Payments innovation normally migrates to the U.S. from Canada, which is at a more advanced stage of deployment with EMV-chip cards and other technology. But that's not the case for business-to-business payments.

BMO is drawing on its experience in check automation in the U.S. to push new business payments technology in Canada.

"The U.S. is ahead of Canada in electronic checking," said Derek Vernon, vice president and head of North American Treasury and Payment Solution for BMO. "Given our experience with BMO Harris Bank, we have been deploying technology like this in the U.S. for years."

The bank's software allows businesses to use scanners to process and deposit check payments, mostly for B2B transactions involving small merchants. Despite the country's embrace of mobile technology, paper checks are still widely used in Canada.

For businesses, checks are particularly popular for supply chain, procurement and other payments, Vernon said, adding about 4 million checks are still passed per day in Canada.

"The reason for that is the remittance data that goes into the check payment," Vernon said. "When a business pays another business, they want to know what they are paying for."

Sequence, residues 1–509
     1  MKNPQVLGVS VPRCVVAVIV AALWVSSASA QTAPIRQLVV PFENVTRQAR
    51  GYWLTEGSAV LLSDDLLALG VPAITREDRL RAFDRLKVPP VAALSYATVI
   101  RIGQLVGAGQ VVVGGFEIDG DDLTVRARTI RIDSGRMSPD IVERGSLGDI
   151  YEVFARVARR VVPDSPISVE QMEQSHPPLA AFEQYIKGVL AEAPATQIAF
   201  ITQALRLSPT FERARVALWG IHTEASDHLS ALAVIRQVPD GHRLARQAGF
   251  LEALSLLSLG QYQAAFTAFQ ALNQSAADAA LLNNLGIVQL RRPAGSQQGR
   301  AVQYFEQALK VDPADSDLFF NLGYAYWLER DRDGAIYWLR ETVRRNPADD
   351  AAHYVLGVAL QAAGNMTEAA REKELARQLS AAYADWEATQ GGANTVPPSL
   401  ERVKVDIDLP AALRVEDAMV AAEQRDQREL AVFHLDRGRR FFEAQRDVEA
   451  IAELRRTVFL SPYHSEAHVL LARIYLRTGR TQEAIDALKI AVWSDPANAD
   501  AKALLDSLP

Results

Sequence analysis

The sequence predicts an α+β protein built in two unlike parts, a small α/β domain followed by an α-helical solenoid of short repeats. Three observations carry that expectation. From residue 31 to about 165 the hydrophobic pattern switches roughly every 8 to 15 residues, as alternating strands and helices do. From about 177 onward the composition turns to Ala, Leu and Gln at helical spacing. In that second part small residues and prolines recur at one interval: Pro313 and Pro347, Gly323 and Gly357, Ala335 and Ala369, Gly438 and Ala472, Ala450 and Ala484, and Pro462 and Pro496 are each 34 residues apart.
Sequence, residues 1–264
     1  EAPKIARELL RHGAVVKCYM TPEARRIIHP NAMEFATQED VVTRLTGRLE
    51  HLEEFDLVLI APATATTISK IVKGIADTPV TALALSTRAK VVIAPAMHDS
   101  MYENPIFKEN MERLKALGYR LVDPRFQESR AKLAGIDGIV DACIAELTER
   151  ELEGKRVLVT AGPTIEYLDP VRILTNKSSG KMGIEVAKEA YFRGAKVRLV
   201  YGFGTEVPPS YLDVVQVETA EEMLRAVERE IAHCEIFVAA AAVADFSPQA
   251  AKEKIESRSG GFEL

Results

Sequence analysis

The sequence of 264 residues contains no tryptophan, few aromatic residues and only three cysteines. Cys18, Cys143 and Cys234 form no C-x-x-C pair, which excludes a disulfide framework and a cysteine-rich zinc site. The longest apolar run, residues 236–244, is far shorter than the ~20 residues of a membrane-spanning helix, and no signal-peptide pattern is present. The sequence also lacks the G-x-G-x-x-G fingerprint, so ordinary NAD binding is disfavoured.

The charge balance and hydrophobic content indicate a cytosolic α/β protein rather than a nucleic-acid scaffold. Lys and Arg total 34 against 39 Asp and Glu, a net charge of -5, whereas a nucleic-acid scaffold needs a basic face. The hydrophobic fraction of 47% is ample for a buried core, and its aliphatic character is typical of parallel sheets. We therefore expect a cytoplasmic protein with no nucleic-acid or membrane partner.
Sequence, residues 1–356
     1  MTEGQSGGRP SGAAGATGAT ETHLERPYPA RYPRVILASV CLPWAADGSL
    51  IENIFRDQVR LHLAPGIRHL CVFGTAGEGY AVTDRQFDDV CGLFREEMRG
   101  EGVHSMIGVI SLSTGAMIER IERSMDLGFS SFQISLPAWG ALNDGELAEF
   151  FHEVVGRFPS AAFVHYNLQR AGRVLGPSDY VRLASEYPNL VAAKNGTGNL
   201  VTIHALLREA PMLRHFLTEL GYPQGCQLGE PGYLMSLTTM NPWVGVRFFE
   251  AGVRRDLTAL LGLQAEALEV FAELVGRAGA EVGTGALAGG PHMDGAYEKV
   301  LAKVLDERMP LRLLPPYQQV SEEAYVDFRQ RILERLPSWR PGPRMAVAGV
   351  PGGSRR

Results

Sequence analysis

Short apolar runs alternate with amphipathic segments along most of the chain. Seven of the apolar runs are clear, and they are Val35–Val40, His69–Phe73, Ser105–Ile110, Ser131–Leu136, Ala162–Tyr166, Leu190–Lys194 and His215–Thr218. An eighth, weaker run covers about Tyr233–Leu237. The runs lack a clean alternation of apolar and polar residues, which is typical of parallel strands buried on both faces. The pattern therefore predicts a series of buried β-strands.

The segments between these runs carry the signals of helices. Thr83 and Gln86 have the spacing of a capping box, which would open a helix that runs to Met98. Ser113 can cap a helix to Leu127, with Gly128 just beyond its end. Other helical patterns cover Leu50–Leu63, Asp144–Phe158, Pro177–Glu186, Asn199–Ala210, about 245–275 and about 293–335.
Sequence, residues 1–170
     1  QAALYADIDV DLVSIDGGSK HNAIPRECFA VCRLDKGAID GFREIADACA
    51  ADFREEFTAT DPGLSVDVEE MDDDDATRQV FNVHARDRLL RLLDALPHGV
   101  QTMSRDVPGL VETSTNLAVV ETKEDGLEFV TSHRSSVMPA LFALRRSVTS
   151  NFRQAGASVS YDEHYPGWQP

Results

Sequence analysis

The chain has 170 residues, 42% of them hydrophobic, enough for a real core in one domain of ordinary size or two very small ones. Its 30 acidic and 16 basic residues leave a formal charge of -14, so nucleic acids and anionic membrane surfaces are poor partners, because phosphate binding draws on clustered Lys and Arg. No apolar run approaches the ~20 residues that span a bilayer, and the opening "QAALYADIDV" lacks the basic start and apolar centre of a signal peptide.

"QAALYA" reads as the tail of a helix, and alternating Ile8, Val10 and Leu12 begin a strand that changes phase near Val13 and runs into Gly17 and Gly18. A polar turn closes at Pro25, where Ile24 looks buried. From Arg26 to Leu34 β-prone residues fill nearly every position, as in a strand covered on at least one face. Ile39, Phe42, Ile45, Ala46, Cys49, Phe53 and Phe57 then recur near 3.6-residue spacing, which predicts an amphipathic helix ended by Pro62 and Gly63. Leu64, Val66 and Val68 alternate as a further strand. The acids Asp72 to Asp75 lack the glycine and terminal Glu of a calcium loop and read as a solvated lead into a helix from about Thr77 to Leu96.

BMO's DepositEdge is part of an e-check processing package that's designed to help small businesses avoid using lockboxes or purchasing scanners. The businesses can rent scanners for a monthly fee; they would cost $1,000 to purchase outright.

"The small businesses can't afford the lockboxes, which aren't cheap," Vernon said.

The popularity of checks for B2B payments in Canada stands in stark contrast to other types of payments, where Canada generally adopts early and often. One of the early Near Field Communication tests involved McDonalds and Interac Flash in Toronto. Canada also regularly ranks high on MasterCard's survey of national preparedness for mobile payments.

BMO is also applying its experience in Canada to its U.S. shift to EMV. It assumes the U.S. migration target date of October 2015 will likely not be universally met, and as such it is issuing chip cards to customers only when their magstripe cards expire.

Business payment technology in the U.S. has also traditionally lagged consumer tech, though U.S. merchants increasingly embracing automation.

RBS Citizens, for example, last year introduced a mix of accounts payable and mobile technology that allows businesses to deposit checks remotely through a system that is linked to the user's other cash management relationships.

U.S.-based vendors such as Billtrust are digitizing invoice delivery.  Fiserv also offers automated billing and payment technology for businesses, and software companies such as integrate billing and payments with small-business banking. 

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